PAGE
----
Neal Morse – The Dreamer, Joseph Part One: Album Review

Never one to be constricted by any kind of boundary, Neal Morse sets off on another huge Prog/spiritual undertaking.

Release Date: 11th August 2023

Label: Frontiers Music s.r.l

Format: digital / CD / LP

One often wonders what goes on in the musical brain of Neal Morse. The man is relentless. Prolific to the extreme. Solo work, Transatlantic, singer songwriter episodes, managing his Inner Circle and MorseFests and his own spiritual leanings. No wonder I’m sat here trying to put some sort of timeline together to get a handle on his output.

Having generally veered towards his Prog Rock work in the past, the huge Similitude Of A Dream and The Great Adventure, where his Prog side merged more with his religious leanings, were a challenge. Yes, the Neal Morse Band countered with Innocence & Danger and Transatlantic’s Absolute Universe offered the filtering down vis Portnoy, Stolt and Trewavas, but we find him now in full (and suitably epic) Gospel-inspired musical storytelling.

Hot on the heels of his Jesus Christ the Exorcist Rock Opera, his latest Gospel/Prog epic, tells the classic story of Joseph (the one with the coat of many colors as portrayed by Jason Donovan, Donny Osmond and ‘h’ from Steps) using the medium of progressive rock as only he can.

The Dreamer is a full-blown spectacular, casting not only characters to relate the narrative, but also rifling through his address book in search of the finest musicians for the musical roles. Expect to hear the heaps of soaring guitar playing from Steve Morse (Deep Purple, Dixie Dregs) and Eric Gillette (NMB) among others, as this familiar story comes takes a Prog Rock shape.

The narrative unfolds with Morse employing range of vocalists – Ted Leonard (Spock’s Beard, Pattern Seeking Animals), Matt Smith (Theocracy) and Jake Livgren (Proto-kaw, Kansas) included – to sing the roles of Joseph’s brothers, as they grow dark with jealousy and throw him in the pit. Morse naturally is Joseph, dipping in and out of the piece with his observations and responses.

And it’s all kicked off with a full-on and hugely intense Prog overture that crosses Close To The Edge with Tarkus. Lots of furious Hammond that duels with some orchestral intervals. Heavy on the drama before a prologue that eases a way in with Morse already sending shivers with his passion and commitment and suitably climactic choral work (and most likely one hand in the air). Lovely stuff and despite being early doors, possibly the, return to moment, peak of the set.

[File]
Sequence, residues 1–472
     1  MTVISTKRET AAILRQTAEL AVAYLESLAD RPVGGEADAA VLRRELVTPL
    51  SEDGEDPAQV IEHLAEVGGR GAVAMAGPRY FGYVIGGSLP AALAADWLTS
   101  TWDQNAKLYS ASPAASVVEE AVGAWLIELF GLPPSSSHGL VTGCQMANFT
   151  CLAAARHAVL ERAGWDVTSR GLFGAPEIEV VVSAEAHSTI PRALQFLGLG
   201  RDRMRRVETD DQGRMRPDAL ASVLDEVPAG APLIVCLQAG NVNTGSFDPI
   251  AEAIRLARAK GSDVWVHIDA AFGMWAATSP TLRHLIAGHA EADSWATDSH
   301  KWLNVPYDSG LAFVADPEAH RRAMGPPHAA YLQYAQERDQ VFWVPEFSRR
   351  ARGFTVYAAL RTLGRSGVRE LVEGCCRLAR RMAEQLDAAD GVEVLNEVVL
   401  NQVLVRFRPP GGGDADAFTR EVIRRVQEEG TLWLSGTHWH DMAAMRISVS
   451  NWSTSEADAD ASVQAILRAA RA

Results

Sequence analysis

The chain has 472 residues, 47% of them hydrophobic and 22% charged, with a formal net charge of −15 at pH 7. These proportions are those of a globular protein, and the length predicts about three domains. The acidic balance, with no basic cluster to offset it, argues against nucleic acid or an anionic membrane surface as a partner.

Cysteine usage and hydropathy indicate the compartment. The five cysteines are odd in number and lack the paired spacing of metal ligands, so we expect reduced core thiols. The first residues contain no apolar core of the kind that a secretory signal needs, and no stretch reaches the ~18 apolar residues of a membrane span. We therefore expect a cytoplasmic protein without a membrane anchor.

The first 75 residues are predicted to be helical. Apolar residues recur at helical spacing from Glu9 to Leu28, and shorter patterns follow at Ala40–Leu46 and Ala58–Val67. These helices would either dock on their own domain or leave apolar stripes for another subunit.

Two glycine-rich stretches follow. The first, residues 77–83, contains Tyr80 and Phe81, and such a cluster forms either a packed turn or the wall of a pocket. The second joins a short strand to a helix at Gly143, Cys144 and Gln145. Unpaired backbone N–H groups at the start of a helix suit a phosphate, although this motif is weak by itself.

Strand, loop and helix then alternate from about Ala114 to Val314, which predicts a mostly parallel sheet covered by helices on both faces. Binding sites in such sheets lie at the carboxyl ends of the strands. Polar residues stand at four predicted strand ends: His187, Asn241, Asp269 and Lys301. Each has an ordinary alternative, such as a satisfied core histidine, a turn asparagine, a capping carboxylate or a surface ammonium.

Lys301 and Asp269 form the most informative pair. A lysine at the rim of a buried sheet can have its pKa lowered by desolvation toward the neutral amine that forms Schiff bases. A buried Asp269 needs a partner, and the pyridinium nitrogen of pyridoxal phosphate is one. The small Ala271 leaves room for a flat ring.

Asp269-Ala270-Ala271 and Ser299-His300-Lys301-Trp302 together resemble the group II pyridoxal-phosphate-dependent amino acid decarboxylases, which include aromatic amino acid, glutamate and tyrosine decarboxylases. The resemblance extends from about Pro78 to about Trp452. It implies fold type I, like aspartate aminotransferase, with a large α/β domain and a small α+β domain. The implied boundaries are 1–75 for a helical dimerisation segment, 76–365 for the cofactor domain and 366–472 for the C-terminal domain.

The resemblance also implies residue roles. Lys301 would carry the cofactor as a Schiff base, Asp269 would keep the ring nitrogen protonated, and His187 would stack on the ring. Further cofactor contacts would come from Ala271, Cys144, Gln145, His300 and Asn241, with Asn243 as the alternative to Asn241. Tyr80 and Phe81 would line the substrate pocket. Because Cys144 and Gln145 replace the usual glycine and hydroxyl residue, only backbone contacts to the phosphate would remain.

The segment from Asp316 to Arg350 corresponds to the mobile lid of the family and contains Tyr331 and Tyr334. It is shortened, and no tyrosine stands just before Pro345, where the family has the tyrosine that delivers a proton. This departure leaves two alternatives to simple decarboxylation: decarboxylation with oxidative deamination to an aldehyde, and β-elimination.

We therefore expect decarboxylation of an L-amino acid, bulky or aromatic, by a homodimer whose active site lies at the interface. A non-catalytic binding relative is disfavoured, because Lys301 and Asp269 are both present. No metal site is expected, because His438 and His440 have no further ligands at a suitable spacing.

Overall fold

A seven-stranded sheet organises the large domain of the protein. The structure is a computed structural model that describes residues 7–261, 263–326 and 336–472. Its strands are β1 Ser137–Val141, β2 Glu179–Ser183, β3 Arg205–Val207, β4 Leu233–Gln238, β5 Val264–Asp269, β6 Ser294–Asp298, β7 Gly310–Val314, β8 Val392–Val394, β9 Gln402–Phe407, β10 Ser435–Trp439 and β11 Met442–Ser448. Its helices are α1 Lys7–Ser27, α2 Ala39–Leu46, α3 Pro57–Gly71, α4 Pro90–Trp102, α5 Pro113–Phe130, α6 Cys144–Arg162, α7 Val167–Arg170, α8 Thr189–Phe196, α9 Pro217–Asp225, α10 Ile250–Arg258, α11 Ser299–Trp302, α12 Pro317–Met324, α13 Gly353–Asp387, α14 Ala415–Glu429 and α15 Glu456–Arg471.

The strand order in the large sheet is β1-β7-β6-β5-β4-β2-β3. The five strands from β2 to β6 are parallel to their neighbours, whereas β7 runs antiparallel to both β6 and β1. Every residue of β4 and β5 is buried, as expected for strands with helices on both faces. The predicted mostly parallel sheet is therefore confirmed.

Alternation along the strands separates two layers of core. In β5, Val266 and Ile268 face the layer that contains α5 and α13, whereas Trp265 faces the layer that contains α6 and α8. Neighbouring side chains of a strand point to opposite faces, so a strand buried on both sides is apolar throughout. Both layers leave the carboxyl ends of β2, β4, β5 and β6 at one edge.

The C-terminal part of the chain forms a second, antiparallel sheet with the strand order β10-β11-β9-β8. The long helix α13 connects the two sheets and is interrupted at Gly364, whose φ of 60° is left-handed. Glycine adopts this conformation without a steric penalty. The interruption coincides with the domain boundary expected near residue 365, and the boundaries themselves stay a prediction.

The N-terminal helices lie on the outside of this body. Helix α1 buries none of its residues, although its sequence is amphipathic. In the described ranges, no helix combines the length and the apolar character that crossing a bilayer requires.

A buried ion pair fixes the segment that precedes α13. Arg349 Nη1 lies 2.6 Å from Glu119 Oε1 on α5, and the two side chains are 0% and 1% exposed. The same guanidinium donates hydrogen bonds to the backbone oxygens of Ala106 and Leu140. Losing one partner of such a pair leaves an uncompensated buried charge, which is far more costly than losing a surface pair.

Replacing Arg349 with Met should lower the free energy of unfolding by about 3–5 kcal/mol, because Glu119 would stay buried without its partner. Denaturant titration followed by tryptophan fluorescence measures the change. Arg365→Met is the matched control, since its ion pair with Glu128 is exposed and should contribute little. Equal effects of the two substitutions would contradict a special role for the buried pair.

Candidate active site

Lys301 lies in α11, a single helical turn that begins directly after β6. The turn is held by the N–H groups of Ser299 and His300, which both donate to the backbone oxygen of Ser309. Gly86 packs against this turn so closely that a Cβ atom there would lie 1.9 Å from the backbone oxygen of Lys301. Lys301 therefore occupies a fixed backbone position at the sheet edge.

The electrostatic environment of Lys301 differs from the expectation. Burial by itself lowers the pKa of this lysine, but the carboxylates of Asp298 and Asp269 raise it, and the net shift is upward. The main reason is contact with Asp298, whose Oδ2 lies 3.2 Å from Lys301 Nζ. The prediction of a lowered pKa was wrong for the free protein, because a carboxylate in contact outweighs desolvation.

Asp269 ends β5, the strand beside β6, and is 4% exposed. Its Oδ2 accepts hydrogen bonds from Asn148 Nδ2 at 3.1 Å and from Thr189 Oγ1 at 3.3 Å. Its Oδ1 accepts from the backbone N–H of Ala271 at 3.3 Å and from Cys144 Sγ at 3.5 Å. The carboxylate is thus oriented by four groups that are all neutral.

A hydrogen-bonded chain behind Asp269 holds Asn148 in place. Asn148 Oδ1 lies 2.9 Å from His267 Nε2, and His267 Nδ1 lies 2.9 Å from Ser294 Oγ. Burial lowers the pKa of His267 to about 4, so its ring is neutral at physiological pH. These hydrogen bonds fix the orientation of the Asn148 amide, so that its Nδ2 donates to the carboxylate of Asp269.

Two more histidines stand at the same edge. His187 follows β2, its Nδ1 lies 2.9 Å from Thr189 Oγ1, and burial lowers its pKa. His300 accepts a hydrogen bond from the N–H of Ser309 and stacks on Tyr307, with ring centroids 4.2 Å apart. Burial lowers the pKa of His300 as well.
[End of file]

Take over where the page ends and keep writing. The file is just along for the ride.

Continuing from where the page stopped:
Progressing through a number of shorter pieces that pick on particular episodes of the story, the Morse propensity for extended storytelling and merging musical ideas into one another, comes into its own. Jealousy burns like a wheel and the anger of Liar Liar is accompanied by a frenzied musical accompaniment. The arrangements, with multiple voices and spoken word narrative in Gold Dust City, Out Of Sight, Out Of Mind and The Pit shift into musical theater territory as the brothers consider their options and Morse/Joseph responds with an excitable riffing and rocking Like A Wall (that he cannot get over). Slave Boy (“you’re my baby, I’ve got the key...”) has us venturing into an all-out soul/Acid Queen episode.

Despite setting out with some reservations, the Morse seduction is completed through via some stirring musical ideas (you’d expect nothing less) and his own undeniably passionate delivery. Some of the musical parts reach the places that only Morse-penned Prog epics can touch – the finale of Wait On You with a suitably peachy solo and Ultraviolet Dreams (when the line between Morse and Joseph is blurred in the “I know the Lord’s with me in the heart of my need” line) are particularly goosebump-y.

And this is just Part 1, ending with Joseph in prison for a crime he didn’t commit – yes, it’s back to out of sight, out of mind. It’s the cliffhanger, although you may already know the ending, setting up Part 2 (which you obviously knew was coming) that’s set to follow in 2024! Grab your ice cream in the interval, mull over the story so far and get ready for the second half.

Here’s a taster:

Neal Morse online: Website / Facebook / Twitter / Instagram / Youtube

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